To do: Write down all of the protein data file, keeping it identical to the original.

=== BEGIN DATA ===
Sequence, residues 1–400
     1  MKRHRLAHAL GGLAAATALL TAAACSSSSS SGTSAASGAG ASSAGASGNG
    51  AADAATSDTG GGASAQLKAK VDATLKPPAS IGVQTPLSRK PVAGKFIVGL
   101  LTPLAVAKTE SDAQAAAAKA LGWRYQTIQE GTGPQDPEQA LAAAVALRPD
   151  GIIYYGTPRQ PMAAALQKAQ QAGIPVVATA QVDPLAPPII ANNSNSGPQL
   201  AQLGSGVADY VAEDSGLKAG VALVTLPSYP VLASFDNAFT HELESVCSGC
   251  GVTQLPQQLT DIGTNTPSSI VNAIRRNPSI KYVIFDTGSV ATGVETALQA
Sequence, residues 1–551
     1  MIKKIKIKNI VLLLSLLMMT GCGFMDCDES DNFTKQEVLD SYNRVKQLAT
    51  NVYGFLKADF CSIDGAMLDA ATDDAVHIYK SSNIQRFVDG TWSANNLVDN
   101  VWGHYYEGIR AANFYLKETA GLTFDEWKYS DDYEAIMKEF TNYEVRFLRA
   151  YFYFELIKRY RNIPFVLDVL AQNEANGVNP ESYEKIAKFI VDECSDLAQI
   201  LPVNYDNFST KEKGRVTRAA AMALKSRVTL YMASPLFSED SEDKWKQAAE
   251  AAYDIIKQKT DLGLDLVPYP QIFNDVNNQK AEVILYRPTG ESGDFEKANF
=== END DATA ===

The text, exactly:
Sequence, residues 1–400
     1  MKRHRLAHAL GGLAAATALL TAAACSSSSS SGTSAASGAG ASSAGASGNG
    51  AADAATSDTG GGASAQLKAK VDATLKPPAS IGVQTPLSRK PVAGKFIVGL
   101  LTPLAVAKTE SDAQAAAAKA LGWRYQTIQE GTGPQDPEQA LAAAVALRPD
   151  GIIYYGTPRQ PMAAALQKAQ QAGIPVVATA QVDPLAPPII ANNSNSGPQL
   201  AQLGSGVADY VAEDSGLKAG VALVTLPSYP VLASFDNAFT HELESVCSGC
   251  GVTQLPQQLT DIGTNTPSSI VNAIRRNPSI KYVIFDTGSV ATGVETALQA
Sequence, residues 1–551
     1  MIKKIKIKNI VLLLSLLMMT GCGFMDCDES DNFTKQEVLD SYNRVKQLAT
    51  NVYGFLKADF CSIDGAMLDA ATDDAVHIYK SSNIQRFVDG TWSANNLVDN
   101  VWGHYYEGIR AANFYLKETA GLTFDEWKYS DDYEAIMKEF TNYEVRFLRA
   151  YFYFELIKRY RNIPFVLDVL AQNEANGVNP ESYEKIAKFI VDECSDLAQI
   201  LPVNYDNFST KEKGRVTRAA AMALKSRVTL YMASPLFSED SEDKWKQAAE
   251  AAYDIIKQKT DLGLDLVPYP QIFNDVNNQK AEVILYRPTG ESGDFEKANF